Readying herself to take action, Vicky went on lock-down. Whereas in 2014, she took a passenger seat role, this time she took complete charge of her reality. To start, there was the matter of treatment.

Her body had already received the maximum dose of radiation, so she could only be offered palliative chemotherapy as an alternative. That gave her 12 months.

She declined, seeking out a better alternative, which initially cut her time in half. With that risk in mind, Vicky got down to what she does best: intensive research. Right away, she informed herself of any and all relevant clinical trials.

“I was willing to be a guinea pig,” she says. “When you’re in my situation, you’ll do whatever it takes. I was ruthless.”

The first option was a trial in Maryland, USA. It involved genetically altering the patient’s white blood cells to hence fight the cancer. Intake was limited and costly, so she set up a crowdfunded $100,000 and went on the Ray D’Arcy Show to raise awareness for this campaign.

Deemed ineligible, next she turned to an immunotherapy drug called Pembrolizumab, which also used the immune system to attack the cancer. Only a few trials of this antibody had been carried out, and again, the intake was small. In one instance, only seven people were admitted, but two had full remissions, while another person extended their time-frame.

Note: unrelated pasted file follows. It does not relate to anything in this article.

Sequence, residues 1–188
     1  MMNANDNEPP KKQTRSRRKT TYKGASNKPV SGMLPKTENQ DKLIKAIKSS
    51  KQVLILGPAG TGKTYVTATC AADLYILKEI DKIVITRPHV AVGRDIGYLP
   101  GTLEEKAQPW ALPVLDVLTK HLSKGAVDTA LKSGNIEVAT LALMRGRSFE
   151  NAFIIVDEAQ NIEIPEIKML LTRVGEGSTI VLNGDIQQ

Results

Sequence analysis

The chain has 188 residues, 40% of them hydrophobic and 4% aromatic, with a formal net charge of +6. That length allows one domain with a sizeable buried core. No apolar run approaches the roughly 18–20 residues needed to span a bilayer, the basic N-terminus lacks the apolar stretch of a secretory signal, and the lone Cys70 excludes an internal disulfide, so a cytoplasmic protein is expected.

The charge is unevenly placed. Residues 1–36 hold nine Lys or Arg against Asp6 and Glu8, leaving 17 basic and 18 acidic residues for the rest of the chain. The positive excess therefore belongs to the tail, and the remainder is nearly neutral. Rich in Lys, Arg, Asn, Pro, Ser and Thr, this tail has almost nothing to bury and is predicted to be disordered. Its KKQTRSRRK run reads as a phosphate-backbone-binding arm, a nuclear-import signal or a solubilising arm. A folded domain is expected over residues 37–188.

From a symbolic point of view, it made sense that she would opt for the treatment that weaponised her own immune system. Practically speaking though, the side effects were better than those of chemotherapy.

Daily she hounded TDs, her solicitors, St. Vincent’s Hospital, anyone either side of the Atlantic who could get her on that list. As the months progressed however, her condition was deteriorating and before the green light came in April, she admits to being genuinely worried that it might not work out.

Concurrently, she was preparing for her suit against the HSE and CPL, having approached Cian O’Carroll, a Tipperary-based solicitor to take her case. Their initial hunt was for that missing cover letter to complete the audit report. Why was it missing? Who was it addressed to?

When Cervical Check followed through on her request, Vicky found that the letter was sent to her gynaecologist, Dr. Kevin Hickey. He had known of her cancer for 15 months.

Dr. Hickey and Cervical Check’s clinical director, Dr. Grainne Flannelly had engaged in a private exchange as far back as July 2016 at which time he said it was “inappropriate” for him to share with the women the findings from the audit.

Dr. Flannelly followed this up on 5 August 2016 by stating that the clinicians ought to use their own judgement over each individual case of disclosure. Dr. Hickey however, disagreed with her, saying the screening service should take responsibility and decide themselves whether the information should be given to the patients.

This disagreement continued into the following summer, when on 20 June 2017, Hickey contacted Flannelly in relation to a group of women whose original smear reports had been altered during the review. He observed furthermore that Flannelly had suggested that the findings be filed away in the patients’ notes.

On 7 July, she observed that, in the context of disclosing these findings “the possibility of resultant harm is crucial.”

Later telling her that he took it upon himself to inform those affected, Dr. Hickey wrote to Dr. Flannelly on 22 August to say he disagreed with the programme’s choice to “off-load” the responsibility and communication duties to the treating clinicians.